In a country that is just coming out of its first ever recession in 25 years and with an unprecedented increase in debt burden, it is doubtful the government can provide the funds required for the project at the moment. Nonetheless, since the government has committed to implementing the UNEP report, all efforts must be made to fulfil the promise. Further delay in the clean-up exercise will only perpetuate the misery of the people in the area. They have to wake up daily to the sight of a very dangerous environment that can facilitate the development of all kinds of terminal diseases including cancer.
Borrowing from the words of the former UNEP’s Executive Director Achim Steiner, “The people of Ogoniland have paid a high price for the success of Nigeria’s oil industry, enduring a toxic and polluted environment for decades,” and this is definitely not the way to compensate a people that have made such significant contribution to the socio-economic development of our nation. The least our government can do is to commence the clean-up exercise with the hope that the ecosystem of Ogoniland will be restored someday as shown in the UNEP report. Let this not remain another unfulfilled election campaign. Save Ogoniland! 
Copyright 2017 Ships & Ports Ltd. Permission to use quotations from this article is granted subject to appropriate credit given to as the source.

The plight of Maritime Academy of Nigeria cadets

The Maritime Academy of Nigeria was established in 1979 to educate and provide the human capital required for the growth and development of the maritime industry in Nigeria. The academy awards Ordinary National Diploma (OND) and Higher National Diploma (HND) to graduates who have fulfilled requirements of their respective programme of study. In its over 40 years of existence, the institution has commendably trained thousands of professionals for the maritime industry in Nigeria. Sadly, this once glorious institution is now a citadel of hopelessness.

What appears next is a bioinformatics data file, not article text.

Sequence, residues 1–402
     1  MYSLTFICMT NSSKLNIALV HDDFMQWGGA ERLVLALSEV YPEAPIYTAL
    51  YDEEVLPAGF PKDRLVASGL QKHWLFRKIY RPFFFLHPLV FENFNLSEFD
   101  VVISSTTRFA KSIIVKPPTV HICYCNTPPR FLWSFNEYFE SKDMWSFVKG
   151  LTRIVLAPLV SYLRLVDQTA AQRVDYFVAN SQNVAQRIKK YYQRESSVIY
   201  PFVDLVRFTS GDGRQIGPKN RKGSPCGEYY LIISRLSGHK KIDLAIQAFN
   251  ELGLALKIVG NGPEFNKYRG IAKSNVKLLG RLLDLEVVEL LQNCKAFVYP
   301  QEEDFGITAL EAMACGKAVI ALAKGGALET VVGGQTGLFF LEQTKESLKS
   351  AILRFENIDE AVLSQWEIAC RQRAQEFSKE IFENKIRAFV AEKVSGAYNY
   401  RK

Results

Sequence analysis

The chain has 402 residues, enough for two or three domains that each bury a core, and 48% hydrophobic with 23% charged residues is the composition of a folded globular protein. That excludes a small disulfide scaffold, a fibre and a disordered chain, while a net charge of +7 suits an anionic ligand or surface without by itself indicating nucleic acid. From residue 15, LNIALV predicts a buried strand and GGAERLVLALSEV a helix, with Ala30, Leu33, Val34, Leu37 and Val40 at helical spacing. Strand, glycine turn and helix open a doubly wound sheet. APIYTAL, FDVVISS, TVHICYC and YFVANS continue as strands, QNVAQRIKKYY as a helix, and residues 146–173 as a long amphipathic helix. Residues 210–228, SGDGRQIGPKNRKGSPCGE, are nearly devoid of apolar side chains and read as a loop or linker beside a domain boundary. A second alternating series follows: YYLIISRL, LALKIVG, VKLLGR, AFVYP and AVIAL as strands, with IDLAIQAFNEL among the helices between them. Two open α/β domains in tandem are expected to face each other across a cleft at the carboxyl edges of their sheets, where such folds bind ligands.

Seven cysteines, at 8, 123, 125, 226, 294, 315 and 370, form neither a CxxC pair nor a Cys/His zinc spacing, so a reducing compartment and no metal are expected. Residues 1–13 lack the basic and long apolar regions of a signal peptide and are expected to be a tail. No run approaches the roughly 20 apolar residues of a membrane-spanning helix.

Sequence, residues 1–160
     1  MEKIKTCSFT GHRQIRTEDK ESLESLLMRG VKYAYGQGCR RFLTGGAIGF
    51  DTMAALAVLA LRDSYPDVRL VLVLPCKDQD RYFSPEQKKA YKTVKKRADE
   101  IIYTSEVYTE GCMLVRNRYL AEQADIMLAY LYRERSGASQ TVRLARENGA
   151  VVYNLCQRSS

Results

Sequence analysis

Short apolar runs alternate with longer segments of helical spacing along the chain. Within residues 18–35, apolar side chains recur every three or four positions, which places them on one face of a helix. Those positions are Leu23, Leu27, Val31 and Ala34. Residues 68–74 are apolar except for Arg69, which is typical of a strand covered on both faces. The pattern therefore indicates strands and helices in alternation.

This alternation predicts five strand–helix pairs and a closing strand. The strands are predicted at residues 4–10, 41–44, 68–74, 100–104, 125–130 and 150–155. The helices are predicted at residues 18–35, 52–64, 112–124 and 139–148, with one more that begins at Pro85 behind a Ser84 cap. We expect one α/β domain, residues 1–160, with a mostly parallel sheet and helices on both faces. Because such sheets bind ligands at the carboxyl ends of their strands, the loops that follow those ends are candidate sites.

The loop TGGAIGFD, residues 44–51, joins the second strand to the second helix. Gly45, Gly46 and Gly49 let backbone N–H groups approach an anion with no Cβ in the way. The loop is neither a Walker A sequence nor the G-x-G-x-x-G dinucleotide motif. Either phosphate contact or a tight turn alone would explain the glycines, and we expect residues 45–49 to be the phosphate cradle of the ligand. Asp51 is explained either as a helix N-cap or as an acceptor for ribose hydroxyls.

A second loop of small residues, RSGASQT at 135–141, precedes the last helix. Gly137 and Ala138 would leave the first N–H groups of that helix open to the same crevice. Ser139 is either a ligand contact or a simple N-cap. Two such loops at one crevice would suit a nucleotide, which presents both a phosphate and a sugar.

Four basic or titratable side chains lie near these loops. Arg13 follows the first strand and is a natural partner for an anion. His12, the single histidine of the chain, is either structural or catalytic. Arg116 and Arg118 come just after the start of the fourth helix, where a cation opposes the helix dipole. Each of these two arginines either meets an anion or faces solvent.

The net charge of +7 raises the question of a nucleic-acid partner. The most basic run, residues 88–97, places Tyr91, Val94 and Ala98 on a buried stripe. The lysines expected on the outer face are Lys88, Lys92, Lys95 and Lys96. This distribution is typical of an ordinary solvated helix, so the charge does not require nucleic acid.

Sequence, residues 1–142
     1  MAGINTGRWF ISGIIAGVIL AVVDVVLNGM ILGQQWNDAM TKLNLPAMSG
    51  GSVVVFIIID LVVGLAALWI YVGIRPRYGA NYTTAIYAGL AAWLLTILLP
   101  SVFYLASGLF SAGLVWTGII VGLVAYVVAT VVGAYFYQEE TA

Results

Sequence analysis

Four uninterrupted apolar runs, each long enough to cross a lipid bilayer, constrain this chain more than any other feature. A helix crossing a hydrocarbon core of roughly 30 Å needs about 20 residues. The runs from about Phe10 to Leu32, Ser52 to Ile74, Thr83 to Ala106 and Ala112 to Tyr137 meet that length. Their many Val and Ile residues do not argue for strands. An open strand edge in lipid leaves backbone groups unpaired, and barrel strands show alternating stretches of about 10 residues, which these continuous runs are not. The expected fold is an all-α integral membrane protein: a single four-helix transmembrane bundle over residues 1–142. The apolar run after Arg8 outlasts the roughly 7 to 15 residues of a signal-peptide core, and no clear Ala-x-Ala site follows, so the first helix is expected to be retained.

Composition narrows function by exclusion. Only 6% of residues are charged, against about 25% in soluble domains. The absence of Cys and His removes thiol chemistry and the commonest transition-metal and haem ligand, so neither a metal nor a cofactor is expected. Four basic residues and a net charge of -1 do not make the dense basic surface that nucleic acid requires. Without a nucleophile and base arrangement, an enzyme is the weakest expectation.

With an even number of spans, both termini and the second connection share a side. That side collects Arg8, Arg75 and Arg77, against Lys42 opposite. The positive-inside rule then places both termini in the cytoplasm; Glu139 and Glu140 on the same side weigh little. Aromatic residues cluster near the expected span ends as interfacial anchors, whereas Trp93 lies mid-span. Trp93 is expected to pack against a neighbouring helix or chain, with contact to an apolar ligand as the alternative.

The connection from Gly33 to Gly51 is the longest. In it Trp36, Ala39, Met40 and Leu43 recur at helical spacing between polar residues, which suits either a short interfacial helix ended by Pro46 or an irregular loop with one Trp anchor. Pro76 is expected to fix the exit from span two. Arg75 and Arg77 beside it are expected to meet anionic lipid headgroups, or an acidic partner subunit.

In a nation where it has become a norm for an average university graduate to stay at home for some years before securing a befitting employment, some career advisers would counsel that professionalization is a more assuring path to a befitting employment. Well, being a country where the most unlikely events become likely, professionalization does not guarantee a good employment after education anymore. It is more worrying that the cadets from the Maritime Academy of Nigeria are not immune from this prevailing reality.
A significant number of the graduates of the institution in recent times are constantly thrown into the labour market when they are specifically trained to be employed in the maritime industry, which is in dire need of experts to function optimally. It is appalling that some of the graduates have been subjected to hardship and have resorted to menial jobs in order to survive economic hardship. Some of these cadets have become victims of unemployability that has characterised the Nigerian labour market. This is so because the institution currently suffers from inadequate funding and therefore finds it difficult to give adequate training to the sizable number of students that are admitted.